Christopher Schell ESPM Christopher Schell UC Berkeley
Dr. Chris Schell is an Assistant Professor in the department of Environmental Science, Policy, and Management at the University of California Berkeley. Dr. Schell’s research focuses on the behavior, physiology, and health of wildlife in cities. Specifically, he and his lab investigate how urban infrastructure, environmental stressors, and human-wildlife interactions shape the phenotypic traits of mammalian carnivores, mainly coyotes and raccoons. Because the distribution of such attributes is often governed by societal inequities (e.g., socioeconomic, racial, etc.), Schell and his team also spotlight the need to incorporate an environmental justice and One Health lens into urban ecological research. Further, he is committed to community engagement and science communication, collaborating with organizations like the Cal Academy of Sciences, Oakland Zoo, East Bay Regional Parks, Doris Duke Scholars Conservation Program, and California’s 30x30 initiatives.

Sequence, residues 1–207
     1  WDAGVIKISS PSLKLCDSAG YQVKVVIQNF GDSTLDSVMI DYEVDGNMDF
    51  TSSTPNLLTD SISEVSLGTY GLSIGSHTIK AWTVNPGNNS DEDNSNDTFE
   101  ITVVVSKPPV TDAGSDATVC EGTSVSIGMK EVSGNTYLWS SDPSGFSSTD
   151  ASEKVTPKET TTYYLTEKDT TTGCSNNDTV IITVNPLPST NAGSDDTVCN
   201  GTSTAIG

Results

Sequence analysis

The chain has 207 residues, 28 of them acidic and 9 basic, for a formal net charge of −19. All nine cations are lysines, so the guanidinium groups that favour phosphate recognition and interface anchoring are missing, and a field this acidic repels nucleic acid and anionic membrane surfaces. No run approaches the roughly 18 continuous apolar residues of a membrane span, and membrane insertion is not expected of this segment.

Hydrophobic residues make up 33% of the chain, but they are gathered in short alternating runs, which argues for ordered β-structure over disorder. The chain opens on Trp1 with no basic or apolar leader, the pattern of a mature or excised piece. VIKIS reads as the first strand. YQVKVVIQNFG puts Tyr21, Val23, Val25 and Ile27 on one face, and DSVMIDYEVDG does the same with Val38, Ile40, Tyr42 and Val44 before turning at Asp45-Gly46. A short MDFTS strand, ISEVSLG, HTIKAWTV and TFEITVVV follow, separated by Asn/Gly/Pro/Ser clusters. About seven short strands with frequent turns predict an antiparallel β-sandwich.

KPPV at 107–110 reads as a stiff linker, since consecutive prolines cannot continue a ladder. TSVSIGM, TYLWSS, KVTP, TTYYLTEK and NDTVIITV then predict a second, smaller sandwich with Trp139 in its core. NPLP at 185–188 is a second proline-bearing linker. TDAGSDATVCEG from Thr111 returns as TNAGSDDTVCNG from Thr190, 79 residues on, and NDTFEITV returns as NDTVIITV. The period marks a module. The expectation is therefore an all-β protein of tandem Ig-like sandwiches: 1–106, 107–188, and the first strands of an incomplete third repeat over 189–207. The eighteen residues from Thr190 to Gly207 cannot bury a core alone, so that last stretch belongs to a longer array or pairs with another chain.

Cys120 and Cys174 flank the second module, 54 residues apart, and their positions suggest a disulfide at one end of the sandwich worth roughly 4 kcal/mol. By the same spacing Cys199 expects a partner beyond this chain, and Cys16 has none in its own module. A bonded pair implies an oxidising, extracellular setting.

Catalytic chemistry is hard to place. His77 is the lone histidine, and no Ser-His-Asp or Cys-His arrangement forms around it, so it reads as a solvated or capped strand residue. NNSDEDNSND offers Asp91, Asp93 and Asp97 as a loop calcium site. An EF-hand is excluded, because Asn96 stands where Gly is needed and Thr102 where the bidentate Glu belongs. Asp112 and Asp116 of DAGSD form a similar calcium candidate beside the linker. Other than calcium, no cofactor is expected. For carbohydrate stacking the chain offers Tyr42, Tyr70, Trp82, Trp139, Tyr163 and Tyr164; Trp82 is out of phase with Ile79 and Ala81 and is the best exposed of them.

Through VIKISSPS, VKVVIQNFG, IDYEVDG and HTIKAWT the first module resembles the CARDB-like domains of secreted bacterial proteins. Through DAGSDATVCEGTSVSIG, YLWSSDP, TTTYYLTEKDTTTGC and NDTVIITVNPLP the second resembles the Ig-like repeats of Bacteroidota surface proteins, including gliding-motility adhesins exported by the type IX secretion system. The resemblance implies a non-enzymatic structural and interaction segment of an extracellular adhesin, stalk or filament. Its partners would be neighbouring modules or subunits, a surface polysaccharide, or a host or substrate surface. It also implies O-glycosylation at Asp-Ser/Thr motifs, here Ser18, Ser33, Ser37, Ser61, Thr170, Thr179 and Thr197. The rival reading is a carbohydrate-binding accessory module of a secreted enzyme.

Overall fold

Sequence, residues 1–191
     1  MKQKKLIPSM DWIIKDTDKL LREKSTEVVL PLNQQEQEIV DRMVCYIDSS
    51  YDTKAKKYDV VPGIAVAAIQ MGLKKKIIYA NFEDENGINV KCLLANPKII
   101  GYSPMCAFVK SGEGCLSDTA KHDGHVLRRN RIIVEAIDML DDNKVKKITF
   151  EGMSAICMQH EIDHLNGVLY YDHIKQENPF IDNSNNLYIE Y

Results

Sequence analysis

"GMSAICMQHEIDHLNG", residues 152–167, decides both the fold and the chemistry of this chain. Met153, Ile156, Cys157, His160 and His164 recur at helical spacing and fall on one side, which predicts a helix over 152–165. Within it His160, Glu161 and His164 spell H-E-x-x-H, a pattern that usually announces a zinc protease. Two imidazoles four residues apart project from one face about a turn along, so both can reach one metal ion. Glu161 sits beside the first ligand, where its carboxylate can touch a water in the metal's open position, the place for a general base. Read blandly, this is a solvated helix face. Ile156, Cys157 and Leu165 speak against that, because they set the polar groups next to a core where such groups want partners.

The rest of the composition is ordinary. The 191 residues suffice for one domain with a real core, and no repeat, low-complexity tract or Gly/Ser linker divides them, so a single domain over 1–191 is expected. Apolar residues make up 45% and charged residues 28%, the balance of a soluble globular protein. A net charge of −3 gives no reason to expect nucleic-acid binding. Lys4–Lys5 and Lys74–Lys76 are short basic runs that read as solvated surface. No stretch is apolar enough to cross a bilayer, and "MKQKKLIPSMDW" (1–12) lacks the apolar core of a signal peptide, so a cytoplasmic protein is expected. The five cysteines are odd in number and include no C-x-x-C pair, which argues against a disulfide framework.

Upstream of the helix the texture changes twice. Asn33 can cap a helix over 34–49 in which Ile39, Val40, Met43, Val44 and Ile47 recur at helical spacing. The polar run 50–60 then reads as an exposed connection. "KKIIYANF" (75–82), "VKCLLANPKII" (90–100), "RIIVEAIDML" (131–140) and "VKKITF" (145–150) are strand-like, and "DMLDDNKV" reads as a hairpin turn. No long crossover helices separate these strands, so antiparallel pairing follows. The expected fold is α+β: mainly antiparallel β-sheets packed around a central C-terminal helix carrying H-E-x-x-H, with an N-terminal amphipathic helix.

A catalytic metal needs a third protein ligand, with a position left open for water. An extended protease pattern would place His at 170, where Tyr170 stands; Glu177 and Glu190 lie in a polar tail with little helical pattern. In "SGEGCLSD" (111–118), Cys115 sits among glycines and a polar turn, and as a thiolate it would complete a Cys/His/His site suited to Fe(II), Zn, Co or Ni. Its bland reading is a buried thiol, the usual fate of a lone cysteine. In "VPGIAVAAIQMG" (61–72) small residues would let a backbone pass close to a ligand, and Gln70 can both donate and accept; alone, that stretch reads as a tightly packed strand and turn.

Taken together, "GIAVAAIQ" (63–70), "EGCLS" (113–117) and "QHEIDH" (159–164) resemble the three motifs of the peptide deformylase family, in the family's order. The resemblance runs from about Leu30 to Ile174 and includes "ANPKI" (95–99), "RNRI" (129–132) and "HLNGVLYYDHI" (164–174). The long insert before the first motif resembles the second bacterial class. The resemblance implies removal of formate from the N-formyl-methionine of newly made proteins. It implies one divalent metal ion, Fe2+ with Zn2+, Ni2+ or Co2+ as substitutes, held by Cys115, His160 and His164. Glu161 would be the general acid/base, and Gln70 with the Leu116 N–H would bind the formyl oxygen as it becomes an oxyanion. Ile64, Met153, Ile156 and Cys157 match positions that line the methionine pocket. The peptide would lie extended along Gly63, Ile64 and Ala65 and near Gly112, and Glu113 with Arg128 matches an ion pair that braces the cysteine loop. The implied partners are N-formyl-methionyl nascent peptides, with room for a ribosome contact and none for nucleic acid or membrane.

Past ecological processes and phenomena often have broad implications for contemporary habitat conditions and ecosystem structure. Long-term ecological research, for instance, has provided extraordinary insight into the processes that influence primary and secondary succession, population growth rates, community assemblages, and nutrient cycling. Similarly, past societal legacies have profound impacts on current societal processes, with much of our current reality shaped by policies enacted decades past. These social and ecological legacies are often most apparent in cities, where humans and their constructed ecosystems coalesce. It is in these environments that we have a unique opportunity to interrogate how our past shapes our social-ecological present. Necessarily, understanding how past societal processes have contributed to shaping current ecosystem processes is key to building predictive models and resilient systems for our future. In this talk, Dr. Chris Schell will explore how one of those legacies in particular – residential segregation via redlining – stratified people and resources, influencing myriad biophysical properties of the city that we currently experience. In doing so, he will discuss how urban evolutionary ecology research can serve to amplify how inequities in society drive ecological disparities in and outside of urban landscapes.
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